Cesar Chavez Elementary School has earned another statewide award for its efficient, environmentally friendly design. Before an audience of students, staff and leaders from the state, county and community, Chavez was honored for meeting the Collaborative for High Performance Schools sustainable design criteria which protect the environment.
"Long Beach Unified School District truly is a beacon for urban school districts throughout the nation," said Darline Robles, superintendent of schools, Los Angeles County. "It really is great to have this facility exemplify good health and good practice."
Opened in 2004 as downtown Long Beach’s newest school, Chavez has now received eight awards for outstanding design and energy efficiency from construction experts and regulatory agencies. The latest honor recognizes expert integration of energy efficiency.
California’s State Architect David Thorman praised the district and its planners for Chavez’s innovative and cost-saving design.
"It’s a real accomplishment, and it shows leadership," Thorman said, noting that the school’s design saves water and electricity. "This school district is a leader in this direction. You are on the right track. You’ve done a job well, and I congratulate you," Thorman said.
The non-profit Collaborative for High Performance Schools was established in 2002 in response to California’s energy crisis. It is composed of the major state agencies involved with building public schools, including public utilities, designers and school facility planners.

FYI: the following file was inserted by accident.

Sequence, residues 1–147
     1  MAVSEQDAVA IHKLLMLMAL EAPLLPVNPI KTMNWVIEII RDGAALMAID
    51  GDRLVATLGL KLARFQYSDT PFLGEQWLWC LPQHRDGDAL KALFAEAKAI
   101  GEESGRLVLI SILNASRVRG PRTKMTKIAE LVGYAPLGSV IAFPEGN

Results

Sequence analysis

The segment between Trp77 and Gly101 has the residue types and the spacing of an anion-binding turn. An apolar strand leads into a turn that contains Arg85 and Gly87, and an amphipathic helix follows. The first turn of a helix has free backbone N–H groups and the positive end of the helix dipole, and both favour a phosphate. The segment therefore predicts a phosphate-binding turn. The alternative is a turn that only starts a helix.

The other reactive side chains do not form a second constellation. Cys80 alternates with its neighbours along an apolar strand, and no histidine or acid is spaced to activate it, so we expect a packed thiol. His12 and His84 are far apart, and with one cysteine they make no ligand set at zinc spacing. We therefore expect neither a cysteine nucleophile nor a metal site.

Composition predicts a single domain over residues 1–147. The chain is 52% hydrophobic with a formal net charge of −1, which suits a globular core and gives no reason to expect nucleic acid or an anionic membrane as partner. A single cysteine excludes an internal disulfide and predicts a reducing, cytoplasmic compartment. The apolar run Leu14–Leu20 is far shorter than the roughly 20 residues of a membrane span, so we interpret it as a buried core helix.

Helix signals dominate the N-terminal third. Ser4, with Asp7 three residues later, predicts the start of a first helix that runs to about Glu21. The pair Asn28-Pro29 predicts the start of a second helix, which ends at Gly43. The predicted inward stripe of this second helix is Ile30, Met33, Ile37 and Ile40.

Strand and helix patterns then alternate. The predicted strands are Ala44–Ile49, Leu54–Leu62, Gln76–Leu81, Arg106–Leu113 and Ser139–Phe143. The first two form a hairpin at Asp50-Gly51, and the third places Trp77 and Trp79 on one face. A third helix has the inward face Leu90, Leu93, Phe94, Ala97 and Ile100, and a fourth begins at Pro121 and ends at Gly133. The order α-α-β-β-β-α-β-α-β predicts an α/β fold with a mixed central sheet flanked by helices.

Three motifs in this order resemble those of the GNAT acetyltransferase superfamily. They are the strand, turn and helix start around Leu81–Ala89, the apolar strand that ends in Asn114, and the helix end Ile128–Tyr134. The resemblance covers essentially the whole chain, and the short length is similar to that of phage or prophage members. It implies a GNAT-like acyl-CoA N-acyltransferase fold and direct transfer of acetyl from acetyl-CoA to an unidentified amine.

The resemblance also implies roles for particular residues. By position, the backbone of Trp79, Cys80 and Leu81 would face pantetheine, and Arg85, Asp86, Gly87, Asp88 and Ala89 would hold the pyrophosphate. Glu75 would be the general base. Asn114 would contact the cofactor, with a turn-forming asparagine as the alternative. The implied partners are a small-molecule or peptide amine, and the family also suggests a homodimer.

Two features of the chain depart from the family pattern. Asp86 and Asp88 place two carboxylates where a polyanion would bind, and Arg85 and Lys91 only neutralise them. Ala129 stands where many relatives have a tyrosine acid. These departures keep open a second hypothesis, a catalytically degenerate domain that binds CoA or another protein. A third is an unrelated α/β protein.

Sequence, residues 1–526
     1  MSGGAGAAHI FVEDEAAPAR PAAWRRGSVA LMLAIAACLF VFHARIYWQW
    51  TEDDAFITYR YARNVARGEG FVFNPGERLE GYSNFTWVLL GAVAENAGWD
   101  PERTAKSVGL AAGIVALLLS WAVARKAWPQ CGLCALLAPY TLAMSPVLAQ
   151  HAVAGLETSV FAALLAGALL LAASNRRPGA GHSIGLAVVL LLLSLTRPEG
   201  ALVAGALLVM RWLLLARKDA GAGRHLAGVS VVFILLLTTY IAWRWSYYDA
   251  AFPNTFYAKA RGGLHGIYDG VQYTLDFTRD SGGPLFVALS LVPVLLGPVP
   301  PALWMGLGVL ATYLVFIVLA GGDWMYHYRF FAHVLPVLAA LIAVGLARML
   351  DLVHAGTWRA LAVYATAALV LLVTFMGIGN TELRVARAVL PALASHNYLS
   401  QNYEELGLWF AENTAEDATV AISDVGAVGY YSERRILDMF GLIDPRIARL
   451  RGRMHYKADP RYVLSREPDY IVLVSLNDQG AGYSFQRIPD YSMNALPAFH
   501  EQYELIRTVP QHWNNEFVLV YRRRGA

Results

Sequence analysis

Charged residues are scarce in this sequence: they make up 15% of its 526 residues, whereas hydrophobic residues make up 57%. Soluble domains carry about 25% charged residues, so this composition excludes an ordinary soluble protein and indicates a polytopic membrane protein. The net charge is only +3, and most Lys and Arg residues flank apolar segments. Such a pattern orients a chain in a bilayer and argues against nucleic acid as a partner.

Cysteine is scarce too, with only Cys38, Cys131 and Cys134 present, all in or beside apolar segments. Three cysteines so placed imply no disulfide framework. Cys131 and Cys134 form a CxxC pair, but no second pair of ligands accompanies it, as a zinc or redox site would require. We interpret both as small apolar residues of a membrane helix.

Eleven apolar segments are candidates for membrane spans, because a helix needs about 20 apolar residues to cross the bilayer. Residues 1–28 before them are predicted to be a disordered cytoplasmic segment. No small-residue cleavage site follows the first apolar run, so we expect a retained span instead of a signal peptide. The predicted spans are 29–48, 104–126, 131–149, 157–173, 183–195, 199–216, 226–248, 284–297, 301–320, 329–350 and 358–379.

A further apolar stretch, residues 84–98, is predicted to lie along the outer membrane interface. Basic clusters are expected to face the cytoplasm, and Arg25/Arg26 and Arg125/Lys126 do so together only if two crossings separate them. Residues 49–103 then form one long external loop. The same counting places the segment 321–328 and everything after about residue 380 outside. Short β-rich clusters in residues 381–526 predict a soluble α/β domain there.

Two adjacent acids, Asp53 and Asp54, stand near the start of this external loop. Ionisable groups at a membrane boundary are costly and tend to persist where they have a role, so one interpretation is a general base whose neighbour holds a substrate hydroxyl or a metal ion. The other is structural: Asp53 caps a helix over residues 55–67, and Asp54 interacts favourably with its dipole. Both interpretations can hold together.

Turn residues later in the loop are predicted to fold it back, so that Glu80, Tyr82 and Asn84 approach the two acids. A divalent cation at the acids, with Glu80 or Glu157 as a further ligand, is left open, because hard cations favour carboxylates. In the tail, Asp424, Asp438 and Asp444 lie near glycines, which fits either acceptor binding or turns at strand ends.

Chavez earned the award for surpassing state energy efficiency requirements by more than 34 percent. Reductions in annual energy consumption at Chavez save nearly $30,000 compared to minimally compliant buildings.
The K-5 school, built in close cooperation with the City of Long Beach, includes an onsite health clinic and joint-use gymnasium.
A partnership with adjacent Cesar Chavez Park allows public use of the school’s gymnasium on weekends and after school on weekdays, in exchange for sectioning off a portion of the park as a playground during school hours.
At Chavez, storm water diverted from roofs, roads and parking lots is filtered before being discharged into the storm drain systems. Other areas are sloped to channel storm water into planted areas. Drought tolerant landscaping and efficient irrigation reduce outdoor water consumption by 100,000 gallons per year compared to standard buildings.
Recycled materials were used throughout the school, which features post-consumer recycled ceiling tiles, toilet partitions, gypsum wallboard, aluminum window frames, curtain wall systems and rubberized playground. Builders also used materials that emitted fewer chemicals in ceiling tiles, wall insulation, flooring, wallboards and wall coverings.
Lighting systems at Chavez make efficient use of dimming devices, daylight sensors and occupancy sensors, while a highly efficient heating and cooling system reduces costs even further.